The Douro Valley, Portugal. October 2019. (Day 1)

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I, together with a few friends, spent a long weekend exploring the Douro Valley Wine Region. After a three hour train journey from Lisbon, and an hour in a coach, the first stop was lunch, and sampling the delights of the local wine.

The Douro River travels over 927 km through the Iberian Peninsula. The river flows from north to south and for 112 km it’s the border between Spain and Portugal. When the river reaches the town of Barca d’Alva, the Portuguese vineyards begin and continue along the banks of the river for 100 km, until just after Régua, where the Atlantic climate is too fierce to grown vines. The river continues another 120 km to Porto, where it flows into the Atlantic Ocean.

Between Barca d’Alva and Régua 40,000 hectares of vineyards are planted along the steep banks of the Douro and its tributary rivers. Wine has been produced in the region for over 2000 years, it is the oldest demarcated and regulated wine region in the world. In 2001 the region was declared a UNESCO World Heritage Site. After lunch we took a river cruise, passing under bridges and then entering one of the five locks on the river.

Next a tour of the Quinta das Carvalhas Vineyard, written references regarding this vineyard can be traced back to 1759. Enjoying a prominent position on the left bank of the Douro river, in Pinhão, the Quinta covers the entire hillside facing the river and occupies part of the slopes of the right bank of the tributary of the Torto river, and grows 122 different varieties of grapes.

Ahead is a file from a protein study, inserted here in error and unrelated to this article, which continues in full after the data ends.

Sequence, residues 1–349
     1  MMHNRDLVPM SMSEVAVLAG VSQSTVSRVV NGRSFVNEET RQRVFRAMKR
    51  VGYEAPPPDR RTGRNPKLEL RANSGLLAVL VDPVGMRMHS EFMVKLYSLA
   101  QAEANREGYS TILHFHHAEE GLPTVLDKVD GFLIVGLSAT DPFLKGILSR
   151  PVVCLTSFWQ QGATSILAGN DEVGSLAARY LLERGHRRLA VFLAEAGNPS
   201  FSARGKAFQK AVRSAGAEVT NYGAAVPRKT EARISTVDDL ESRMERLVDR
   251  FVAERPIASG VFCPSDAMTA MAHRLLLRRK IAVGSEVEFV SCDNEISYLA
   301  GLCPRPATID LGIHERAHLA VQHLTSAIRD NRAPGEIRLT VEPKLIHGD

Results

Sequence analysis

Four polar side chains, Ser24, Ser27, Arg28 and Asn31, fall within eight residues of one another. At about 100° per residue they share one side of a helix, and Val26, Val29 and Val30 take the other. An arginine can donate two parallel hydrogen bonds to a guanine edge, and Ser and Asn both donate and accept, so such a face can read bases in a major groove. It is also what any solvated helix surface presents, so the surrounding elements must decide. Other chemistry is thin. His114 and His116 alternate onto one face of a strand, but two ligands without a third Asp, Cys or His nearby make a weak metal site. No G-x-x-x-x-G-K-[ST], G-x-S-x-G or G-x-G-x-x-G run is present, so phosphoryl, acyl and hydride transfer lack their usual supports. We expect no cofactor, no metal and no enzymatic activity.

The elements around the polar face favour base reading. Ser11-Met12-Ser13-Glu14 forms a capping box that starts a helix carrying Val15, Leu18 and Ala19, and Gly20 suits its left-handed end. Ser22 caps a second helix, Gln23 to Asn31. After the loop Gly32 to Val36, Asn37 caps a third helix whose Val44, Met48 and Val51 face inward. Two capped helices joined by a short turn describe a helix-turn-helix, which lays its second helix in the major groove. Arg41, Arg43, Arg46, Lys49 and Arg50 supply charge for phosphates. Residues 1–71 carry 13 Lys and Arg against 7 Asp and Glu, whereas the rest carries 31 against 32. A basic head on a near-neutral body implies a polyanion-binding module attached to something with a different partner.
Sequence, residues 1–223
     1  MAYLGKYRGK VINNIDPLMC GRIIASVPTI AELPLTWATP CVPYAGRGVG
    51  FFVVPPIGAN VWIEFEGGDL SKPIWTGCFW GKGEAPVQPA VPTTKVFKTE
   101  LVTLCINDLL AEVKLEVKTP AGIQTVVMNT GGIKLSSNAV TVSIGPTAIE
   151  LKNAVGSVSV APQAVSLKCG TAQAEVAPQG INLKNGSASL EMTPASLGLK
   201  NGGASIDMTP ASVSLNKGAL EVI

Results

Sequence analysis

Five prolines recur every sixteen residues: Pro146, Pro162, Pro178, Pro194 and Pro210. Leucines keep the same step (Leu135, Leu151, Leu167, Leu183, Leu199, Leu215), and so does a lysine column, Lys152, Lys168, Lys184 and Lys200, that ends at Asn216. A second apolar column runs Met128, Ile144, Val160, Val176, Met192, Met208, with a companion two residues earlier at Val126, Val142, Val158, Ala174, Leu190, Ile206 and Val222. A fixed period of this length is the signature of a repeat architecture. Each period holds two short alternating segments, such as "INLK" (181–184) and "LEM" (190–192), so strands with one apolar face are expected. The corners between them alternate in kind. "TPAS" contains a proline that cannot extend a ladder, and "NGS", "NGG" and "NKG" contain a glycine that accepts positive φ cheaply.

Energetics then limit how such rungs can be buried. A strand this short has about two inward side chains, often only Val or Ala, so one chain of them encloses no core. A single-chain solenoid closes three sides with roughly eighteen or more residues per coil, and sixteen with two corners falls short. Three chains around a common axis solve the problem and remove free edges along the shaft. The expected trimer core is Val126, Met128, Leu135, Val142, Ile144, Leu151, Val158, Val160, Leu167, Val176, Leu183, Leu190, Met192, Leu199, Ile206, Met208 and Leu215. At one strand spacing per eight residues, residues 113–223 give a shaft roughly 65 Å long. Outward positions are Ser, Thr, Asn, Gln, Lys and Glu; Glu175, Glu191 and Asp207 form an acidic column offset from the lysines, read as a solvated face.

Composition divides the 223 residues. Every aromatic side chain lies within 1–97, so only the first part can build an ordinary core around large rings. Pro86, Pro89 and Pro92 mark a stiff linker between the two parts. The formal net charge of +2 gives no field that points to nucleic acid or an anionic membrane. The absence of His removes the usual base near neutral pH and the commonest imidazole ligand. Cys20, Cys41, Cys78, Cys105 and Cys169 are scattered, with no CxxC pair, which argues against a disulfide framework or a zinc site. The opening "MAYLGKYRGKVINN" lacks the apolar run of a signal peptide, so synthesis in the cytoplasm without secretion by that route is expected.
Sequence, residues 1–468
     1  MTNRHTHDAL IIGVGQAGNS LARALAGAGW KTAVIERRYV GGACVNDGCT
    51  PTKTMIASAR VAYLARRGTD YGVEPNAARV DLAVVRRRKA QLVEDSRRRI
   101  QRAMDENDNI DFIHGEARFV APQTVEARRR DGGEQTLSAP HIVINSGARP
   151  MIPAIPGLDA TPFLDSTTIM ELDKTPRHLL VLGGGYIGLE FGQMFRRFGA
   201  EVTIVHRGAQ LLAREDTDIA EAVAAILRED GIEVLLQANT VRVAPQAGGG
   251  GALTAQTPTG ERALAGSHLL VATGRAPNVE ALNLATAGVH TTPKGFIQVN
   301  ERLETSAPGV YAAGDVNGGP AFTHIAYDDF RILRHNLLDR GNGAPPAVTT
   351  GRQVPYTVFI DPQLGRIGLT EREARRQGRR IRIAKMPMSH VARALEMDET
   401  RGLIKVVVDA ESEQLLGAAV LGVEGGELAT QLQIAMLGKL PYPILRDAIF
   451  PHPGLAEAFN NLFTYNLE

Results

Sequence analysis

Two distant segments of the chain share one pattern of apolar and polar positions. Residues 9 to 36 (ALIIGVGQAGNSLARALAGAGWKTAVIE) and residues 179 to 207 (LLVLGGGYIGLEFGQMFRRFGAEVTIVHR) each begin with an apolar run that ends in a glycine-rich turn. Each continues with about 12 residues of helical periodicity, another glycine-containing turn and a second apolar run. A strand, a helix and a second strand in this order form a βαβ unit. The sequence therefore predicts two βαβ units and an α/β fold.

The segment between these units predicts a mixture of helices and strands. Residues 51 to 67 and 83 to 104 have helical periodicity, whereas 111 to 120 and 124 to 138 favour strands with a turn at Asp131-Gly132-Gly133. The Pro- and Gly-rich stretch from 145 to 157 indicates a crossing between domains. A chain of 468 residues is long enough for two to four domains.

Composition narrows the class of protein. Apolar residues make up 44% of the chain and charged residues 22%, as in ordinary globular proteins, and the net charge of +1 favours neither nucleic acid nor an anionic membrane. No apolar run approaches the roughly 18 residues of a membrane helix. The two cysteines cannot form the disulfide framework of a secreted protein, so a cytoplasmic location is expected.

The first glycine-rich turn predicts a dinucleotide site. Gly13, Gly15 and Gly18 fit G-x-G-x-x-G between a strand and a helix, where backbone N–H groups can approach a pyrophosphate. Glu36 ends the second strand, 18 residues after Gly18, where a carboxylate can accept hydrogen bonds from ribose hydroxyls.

Our tour took us from the riverside, 550 meters up the very narrow, winding roads to the top of the vineyard. Olive Oil is also produced by the estate with the majority of the olive tress over a century old.

Vines are planted on every available space, legislation was introduced to stop vines being planted in vertical rows, they now have to be planted in horizontal rows, on steep inclines, for safety reasons. Along the road to enter the vineyard, orange trees and roses are planted, if there is vine disease it will show on the roses and oranges first, which will provide time to treat the vines and so protect them from disease.

The setting sun provided a great backdrop to the view as we drove back down the mountain for wine tasting. After the wine tasting we walked across the bridge to have dinner on a terrace, watched over by a full moon.

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